He asserts that the way things were going with the Birmingham revolt, it was likely that the states' rightists would continue for some time to come to assert such rights.

Marquis Childs tells of the President having to be persuaded to call the special session of Congress, with his political managers convincing him that since the Democratic campaign fund was practically nil, he would gain an advantage by keeping the Republican Congress in session, allowing him free campaign publicity and radio airtime, even if the Congress passed inadequate legislation which he would have to veto.

The GOP, on the other hand, had more political capital to risk than the President. But they could also make Governor Dewey's attempt to appeal to a broad base of voters appear silly. Republicans would likely push the civil rights program supported by both party platforms, creating problems with Southern Democrats in the Senate and the inevitability of filibuster. But a filibuster could also help the President by putting off for a month legislative action on inflation and housing, until the fall when the campaign season would begin in earnest. While the GOP would attempt to blame the Democrats for a failure of the civil rights program, it could not pin the failure on the President as the Southerners had plainly bolted from the party.

He predicts that the net result in terms of legislative advancement during the special session would be zero. It could prove advantageous to the President or it could backfire and be more costly than the typical campaign financed by lobbyists and special interest groups.

The Editors' Roundtable, edited by James Galloway of Asheville, examines Britain's new "cradle to the grave" social security program, with a large minority of editorial opinion expressing opposition to the scope of the plan as venturing into extreme socialism.

The Pittsburgh Post-Gazette informed that the program would cost Britain 3.4 billion dollars in the first year, two billion of which would come from the taxpayers, the rest from the weekly payments by those insured and their employers.

The Boston Globe reported that 15,000 of 17,000 British doctors were participating in the plan and if it were successful, it would affect the entire human race.

The Chicago Sun-Times advocated learning of the bad parts and workable parts of the British program before seeking to adopt it in America.

The Dallas Morning News found that the experiment in Britain would answer a lot of questions about socialized medicine and whether it could work.

The Rochester Times-Union believed that the U.S. would be called on for more aid for Britain should the plan prove too heavy a burden for the British Government to bear. It wondered how far the U.S. was prepared to go to prop up increasingly socialistic governments in Europe.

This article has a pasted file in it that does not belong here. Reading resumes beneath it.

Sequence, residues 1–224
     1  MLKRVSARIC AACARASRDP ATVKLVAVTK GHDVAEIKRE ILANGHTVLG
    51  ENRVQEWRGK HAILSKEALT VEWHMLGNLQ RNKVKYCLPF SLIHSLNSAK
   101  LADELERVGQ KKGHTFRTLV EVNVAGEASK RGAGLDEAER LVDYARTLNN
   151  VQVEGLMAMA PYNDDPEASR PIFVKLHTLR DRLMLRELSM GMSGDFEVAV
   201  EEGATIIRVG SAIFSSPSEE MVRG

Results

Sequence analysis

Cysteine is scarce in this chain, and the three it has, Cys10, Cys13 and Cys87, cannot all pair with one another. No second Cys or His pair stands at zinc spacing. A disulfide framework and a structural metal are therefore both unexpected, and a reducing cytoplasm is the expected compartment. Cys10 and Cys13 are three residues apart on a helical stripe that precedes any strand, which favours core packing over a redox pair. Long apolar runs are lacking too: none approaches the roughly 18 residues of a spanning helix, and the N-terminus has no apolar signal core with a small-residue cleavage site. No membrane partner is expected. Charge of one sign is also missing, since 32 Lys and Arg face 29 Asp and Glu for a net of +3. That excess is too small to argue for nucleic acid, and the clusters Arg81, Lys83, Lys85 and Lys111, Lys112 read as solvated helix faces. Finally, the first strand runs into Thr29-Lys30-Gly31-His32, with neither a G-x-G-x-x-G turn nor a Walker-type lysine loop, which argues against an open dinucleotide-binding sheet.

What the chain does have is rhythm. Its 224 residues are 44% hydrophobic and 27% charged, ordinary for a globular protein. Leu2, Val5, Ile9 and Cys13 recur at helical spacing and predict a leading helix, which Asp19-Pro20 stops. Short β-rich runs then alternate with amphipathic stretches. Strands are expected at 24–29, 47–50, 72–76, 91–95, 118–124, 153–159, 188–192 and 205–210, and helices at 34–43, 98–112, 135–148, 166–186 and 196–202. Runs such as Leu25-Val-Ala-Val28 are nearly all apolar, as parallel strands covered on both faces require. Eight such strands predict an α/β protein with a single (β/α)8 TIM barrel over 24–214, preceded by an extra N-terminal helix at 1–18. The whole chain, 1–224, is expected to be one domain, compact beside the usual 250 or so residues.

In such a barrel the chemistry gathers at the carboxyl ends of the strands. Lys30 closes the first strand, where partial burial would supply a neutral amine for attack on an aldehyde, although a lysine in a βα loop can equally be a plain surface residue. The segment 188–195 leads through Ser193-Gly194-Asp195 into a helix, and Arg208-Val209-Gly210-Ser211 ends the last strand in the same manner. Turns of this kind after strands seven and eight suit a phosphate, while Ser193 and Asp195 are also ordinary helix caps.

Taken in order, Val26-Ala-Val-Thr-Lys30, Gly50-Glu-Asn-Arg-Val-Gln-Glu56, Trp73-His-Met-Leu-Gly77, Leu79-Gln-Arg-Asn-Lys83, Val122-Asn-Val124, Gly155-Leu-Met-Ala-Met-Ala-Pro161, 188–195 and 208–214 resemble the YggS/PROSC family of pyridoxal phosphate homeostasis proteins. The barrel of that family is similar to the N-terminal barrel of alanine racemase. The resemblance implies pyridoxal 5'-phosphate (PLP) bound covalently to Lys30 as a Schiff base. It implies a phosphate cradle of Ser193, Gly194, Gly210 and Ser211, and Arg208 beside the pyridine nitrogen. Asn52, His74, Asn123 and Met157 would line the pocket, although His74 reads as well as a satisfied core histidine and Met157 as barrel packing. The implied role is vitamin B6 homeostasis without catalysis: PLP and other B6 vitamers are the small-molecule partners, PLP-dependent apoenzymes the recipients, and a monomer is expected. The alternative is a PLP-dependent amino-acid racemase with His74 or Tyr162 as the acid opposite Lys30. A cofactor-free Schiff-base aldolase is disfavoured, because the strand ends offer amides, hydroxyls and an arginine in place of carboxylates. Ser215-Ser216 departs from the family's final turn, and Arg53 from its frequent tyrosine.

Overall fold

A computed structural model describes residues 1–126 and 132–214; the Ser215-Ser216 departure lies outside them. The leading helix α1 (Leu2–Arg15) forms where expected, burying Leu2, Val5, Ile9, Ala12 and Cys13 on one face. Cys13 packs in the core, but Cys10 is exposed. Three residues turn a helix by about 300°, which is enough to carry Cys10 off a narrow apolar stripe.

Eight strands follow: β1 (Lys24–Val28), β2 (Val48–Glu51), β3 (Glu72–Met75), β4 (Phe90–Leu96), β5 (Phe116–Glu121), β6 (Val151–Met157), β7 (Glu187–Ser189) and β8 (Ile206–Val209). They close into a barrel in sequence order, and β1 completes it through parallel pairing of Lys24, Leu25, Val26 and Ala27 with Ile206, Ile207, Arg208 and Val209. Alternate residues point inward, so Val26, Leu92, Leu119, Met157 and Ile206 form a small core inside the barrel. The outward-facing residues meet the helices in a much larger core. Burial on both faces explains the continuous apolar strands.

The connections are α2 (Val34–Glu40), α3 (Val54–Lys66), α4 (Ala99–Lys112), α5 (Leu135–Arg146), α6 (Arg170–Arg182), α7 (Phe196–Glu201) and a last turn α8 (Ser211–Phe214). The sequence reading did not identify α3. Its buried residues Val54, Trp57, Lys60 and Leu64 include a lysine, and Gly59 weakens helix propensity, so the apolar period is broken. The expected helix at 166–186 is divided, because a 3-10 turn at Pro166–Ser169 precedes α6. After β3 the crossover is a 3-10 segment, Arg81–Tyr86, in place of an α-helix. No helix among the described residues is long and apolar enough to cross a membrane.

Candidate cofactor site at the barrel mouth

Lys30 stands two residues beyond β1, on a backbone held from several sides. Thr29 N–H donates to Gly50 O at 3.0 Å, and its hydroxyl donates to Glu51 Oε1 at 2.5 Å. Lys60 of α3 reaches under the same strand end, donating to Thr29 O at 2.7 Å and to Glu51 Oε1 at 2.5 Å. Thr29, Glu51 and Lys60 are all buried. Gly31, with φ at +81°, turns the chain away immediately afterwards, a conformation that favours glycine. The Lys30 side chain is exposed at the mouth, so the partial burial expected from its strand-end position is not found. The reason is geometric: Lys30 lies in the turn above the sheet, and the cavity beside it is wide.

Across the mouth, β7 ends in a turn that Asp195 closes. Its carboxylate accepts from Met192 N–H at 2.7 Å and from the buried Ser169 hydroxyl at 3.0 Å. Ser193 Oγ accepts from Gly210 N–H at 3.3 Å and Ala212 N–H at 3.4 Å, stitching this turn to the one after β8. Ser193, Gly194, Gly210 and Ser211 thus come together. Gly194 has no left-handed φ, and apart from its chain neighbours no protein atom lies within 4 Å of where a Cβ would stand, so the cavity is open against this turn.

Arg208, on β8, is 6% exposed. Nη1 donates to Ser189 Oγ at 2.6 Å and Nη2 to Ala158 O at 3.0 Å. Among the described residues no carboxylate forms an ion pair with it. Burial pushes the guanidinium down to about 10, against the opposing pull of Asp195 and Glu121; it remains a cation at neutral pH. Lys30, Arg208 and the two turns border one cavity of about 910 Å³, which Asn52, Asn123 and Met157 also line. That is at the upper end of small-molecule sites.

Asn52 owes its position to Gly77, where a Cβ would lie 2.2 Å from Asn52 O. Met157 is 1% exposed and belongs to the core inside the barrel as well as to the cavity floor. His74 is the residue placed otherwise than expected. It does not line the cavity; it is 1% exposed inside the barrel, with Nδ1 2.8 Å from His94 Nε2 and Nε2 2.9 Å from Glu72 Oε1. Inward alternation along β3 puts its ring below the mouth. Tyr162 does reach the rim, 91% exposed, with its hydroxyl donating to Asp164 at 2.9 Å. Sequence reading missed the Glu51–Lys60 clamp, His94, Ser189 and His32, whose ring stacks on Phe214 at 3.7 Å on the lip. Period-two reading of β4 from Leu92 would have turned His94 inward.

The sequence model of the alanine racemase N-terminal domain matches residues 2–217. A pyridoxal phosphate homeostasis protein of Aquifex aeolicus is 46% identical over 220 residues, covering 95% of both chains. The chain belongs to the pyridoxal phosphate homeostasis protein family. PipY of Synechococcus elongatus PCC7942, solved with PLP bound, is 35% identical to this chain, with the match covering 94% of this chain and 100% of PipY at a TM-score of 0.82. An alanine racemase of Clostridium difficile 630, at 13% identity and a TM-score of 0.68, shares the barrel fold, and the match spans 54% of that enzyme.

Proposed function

The Asheville Times noted that the plan was not entirely the work of the Labor Government but had parts put in place by the Coalition Government of Prime Minister Churchill, starting in 1942 with the Beveridge report. It found it significant that traditionally conservative Britain had taken such a long stride into socialism through popular will expressed in the ballot rather than violent revolution.

The Phoenix Gazette found the plan to reflect national decadence, making the individual the ward of the state and forsaking the British past geared toward bold action to civilize far-flung lands—replacing, in other words, concern for expansion of empire interests, the competition for which had led to World War II, with concern anent domestic public welfare.

The Oklahoma City Times found Britons emigrating to British dominions along with their capital, in keeping with British tradition to forsake undesirable political and economic conditions in favor of developing industry in less well developed lands.

A letter writer responds to the editorial of two days earlier on St. Swithin's rain of July 15 and the tradition that if it rained on that date, 40 days of rain would follow. He had found many years earlier, between 1888 and 1893, when Wade Hampton Harris was editor of The News, and had so remarked at the time that St. Swithin was so enraged about the moving of his body in the rain on July 15 that he predicted it would rain for forty days. He imparts that he had found from Funk & Wagnalls the following verse:
St. Swithun's day, if thou dost rain,
For forty days it will remain.
St. Swithun's day, if thou be fair,
For forty days 'twill rain na mair.

And if the case on July 15 it should snow,
You know that bound for Hell, you're to go.